The empty string is a valid regular expression, so you can pass it to the split() method without getting an error. When you split a string with the empty string as the delimiter, then Java will act as if there is an empty string between each two characters in the string, and also before the first character of the string. The API documentation of the split() method in class String also explains that trailing empty strings are not included, therefore your array doesn't end with an empty string.
Another point: Why are you creating strings by explicitly invoking new String("hel");? There is never a good reason to create a new String like this, passing a string literal to the constructor of class String. Just do this:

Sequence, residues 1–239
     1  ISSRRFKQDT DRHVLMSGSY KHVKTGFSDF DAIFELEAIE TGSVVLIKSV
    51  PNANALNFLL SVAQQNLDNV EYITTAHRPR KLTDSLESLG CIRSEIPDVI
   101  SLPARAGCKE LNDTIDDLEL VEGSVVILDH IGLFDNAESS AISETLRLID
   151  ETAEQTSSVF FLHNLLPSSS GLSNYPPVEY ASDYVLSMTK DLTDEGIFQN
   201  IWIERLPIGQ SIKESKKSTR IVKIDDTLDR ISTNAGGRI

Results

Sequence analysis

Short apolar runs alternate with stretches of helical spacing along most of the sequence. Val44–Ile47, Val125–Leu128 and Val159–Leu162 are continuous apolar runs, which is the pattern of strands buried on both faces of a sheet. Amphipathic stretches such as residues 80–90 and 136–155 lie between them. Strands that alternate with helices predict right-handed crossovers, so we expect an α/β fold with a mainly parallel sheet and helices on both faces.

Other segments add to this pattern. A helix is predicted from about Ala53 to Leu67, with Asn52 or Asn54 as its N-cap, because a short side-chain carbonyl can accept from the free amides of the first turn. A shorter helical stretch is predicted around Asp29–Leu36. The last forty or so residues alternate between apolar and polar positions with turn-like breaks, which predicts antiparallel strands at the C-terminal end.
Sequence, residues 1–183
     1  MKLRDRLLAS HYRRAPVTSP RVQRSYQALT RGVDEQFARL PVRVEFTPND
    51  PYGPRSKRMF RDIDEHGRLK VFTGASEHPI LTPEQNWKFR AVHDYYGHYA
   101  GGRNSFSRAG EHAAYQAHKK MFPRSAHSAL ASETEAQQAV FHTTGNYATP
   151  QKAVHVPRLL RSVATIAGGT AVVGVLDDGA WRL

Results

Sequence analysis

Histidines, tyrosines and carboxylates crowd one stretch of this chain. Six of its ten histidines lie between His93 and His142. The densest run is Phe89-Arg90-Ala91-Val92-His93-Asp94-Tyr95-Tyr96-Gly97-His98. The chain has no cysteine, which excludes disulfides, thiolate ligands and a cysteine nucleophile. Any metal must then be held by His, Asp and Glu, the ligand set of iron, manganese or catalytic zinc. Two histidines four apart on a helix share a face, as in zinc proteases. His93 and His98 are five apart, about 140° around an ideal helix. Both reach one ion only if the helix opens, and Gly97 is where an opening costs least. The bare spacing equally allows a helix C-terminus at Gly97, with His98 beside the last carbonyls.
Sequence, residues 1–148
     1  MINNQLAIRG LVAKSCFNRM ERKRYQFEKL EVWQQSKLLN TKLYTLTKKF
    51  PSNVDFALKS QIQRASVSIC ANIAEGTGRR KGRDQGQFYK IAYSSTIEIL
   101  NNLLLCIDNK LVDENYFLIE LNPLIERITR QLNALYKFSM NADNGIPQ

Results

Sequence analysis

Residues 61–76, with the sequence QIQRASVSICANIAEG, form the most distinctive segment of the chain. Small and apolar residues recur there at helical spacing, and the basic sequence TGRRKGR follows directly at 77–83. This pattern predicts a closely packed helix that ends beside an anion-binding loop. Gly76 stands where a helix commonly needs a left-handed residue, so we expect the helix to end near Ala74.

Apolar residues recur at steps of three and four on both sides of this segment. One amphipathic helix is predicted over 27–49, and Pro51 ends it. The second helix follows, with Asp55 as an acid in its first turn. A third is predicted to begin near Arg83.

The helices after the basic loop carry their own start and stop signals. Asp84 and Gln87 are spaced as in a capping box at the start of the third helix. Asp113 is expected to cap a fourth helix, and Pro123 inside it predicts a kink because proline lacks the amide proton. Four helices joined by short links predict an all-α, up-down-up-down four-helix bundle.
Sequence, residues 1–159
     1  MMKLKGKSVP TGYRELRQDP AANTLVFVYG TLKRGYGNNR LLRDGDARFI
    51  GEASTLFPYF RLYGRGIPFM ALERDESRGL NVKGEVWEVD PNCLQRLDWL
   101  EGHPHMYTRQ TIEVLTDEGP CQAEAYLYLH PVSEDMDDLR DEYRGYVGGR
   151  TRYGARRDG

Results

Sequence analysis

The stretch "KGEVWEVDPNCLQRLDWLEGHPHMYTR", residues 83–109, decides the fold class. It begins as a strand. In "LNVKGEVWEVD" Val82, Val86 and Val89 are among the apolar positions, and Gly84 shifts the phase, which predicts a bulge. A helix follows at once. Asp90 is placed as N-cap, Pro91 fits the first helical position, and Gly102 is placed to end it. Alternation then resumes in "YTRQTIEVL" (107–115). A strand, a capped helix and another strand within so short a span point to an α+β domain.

Why on earth did you think you could get null out of ""? That is the empty String and has nothing whatsoever to do with null. It is (as, I think, Fred Rosenberger says) like the difference between an empty box and no box. The empty String "" is like an empty box, and null would be like not having a box at all
And there is no way you could get null from splitting a String. If you take a String "Campbell" and try to split it on the regular expression "[xyz]", the String will not split. But you will not get null returned. You will get something equal to this:That is, an array with one element, identical to the original String.